SP, JD(U) or RJD are regional parties. In spite of best of their efforts, they have failed to go out of the state they belong to. And their political sanctity and existence lie in securing that home citadel first. Yes, if the citadels are like UP and Bihar, the political nerve centres in India, its gives a big leverage in the national politics.

After parting ways with BJP, Nitish is trying hard to find the way that could win the electoral game for him. Likewise, Lalu Yadav’s compulsion to survive politically saw an ally in Nitish and they both came together. Though Congress has become politically irrelevant in Bihar, to manage caste equations, it was also taken in the alliance. And in the name of reuniting the factions of the ‘Janata Parivar’, SP also joined the bandwagon.

Even if the political realties had the potential to go the other way.

And it seems they are going the other way.

And that has made for another flip-flop by Mulayam Singh Yadav.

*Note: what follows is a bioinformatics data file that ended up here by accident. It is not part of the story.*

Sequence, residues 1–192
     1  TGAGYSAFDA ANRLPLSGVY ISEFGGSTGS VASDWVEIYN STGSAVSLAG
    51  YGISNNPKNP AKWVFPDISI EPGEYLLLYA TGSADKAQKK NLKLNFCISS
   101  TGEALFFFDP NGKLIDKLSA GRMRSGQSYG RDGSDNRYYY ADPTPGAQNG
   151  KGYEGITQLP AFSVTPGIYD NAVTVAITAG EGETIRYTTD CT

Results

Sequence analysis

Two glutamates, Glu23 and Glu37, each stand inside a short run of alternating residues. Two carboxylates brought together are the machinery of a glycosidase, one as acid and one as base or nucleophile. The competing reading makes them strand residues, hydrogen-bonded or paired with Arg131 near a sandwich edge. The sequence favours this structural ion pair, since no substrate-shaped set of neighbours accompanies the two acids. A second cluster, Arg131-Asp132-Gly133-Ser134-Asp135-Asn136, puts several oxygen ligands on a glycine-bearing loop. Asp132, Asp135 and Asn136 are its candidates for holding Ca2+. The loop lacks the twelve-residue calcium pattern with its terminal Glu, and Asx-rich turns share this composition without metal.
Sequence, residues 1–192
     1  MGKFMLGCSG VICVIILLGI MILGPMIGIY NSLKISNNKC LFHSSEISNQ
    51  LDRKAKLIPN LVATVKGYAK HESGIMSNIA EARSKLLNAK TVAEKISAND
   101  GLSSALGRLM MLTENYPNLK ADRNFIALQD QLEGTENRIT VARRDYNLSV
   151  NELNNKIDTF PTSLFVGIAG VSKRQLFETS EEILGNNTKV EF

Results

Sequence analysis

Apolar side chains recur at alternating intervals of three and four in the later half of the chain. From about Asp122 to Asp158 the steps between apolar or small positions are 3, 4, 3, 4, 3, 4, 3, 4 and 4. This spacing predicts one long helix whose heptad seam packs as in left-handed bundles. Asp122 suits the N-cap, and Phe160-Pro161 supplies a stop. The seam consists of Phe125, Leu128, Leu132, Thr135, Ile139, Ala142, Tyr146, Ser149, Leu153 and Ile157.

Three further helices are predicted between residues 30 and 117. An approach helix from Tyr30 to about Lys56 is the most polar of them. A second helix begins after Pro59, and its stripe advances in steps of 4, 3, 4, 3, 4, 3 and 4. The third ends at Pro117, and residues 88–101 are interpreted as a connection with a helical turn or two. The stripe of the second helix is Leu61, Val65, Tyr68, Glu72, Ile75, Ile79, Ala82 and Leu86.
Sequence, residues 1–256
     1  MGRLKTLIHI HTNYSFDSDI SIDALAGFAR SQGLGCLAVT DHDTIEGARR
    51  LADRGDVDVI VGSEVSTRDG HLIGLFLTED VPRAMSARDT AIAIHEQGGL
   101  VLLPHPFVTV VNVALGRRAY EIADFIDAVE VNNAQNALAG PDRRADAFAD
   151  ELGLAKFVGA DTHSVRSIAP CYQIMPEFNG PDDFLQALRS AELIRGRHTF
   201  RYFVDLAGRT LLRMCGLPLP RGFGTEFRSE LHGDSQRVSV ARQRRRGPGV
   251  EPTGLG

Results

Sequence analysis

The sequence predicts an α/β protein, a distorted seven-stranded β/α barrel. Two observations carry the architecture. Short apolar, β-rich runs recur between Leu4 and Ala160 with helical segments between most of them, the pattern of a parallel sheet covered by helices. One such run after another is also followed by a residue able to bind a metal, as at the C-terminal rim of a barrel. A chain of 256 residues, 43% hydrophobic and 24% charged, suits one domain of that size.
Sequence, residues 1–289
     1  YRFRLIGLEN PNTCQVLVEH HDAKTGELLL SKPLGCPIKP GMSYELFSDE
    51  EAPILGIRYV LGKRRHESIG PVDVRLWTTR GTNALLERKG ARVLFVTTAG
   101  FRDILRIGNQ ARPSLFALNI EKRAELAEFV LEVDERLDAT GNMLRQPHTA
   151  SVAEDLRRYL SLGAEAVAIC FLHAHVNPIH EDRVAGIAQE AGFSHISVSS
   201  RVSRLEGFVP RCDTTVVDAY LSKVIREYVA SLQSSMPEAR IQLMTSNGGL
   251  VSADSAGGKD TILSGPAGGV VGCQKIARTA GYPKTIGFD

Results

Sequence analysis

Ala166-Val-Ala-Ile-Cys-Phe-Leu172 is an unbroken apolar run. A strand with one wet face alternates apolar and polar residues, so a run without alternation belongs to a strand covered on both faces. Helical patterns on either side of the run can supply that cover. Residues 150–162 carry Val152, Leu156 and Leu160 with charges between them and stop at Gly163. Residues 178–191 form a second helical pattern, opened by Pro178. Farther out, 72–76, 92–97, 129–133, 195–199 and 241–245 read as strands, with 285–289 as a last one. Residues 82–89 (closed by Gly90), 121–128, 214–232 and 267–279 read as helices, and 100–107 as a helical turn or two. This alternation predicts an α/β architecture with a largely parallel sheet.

Nitish Kumar may win the Bihar polls but his alliance with Lalu Yadav’s party may derail the show. Lalu’s corruption taint has the potential to sully his chances. And it may threaten SP’s chances in UP as well, where there is already a huge anti-incumbency wave against Akhilesh Yadav’s government.

Also, Congress may be politically irrelevant in Bihar, but in UP, it still matters, where it won 28 seats with around 12% vote share in 2012 assembly polls. If Congress and the SP fight together in Bihar but as political rivals in UP, it would create an embarrassing situation that the party would try to avoid – because there would be no answers.

The priority (political) for SP should be saving UP first in 2017 – and focusing on Bihar, with many contradicting factors, would jeopardize efforts – because, going by UP’s electoral history and the anti-incumbency against the SP government, there are real chances that the party is going to lose the 2017 polls.

We need to see the decision of Mulayam Singh Yadav to walk out of the ‘grand alliance’ in Bihar in this context, irrespective of the reason he is speaking about.

©/IPR: Santosh Chaubey – https://santoshchaubey.wordpress.com/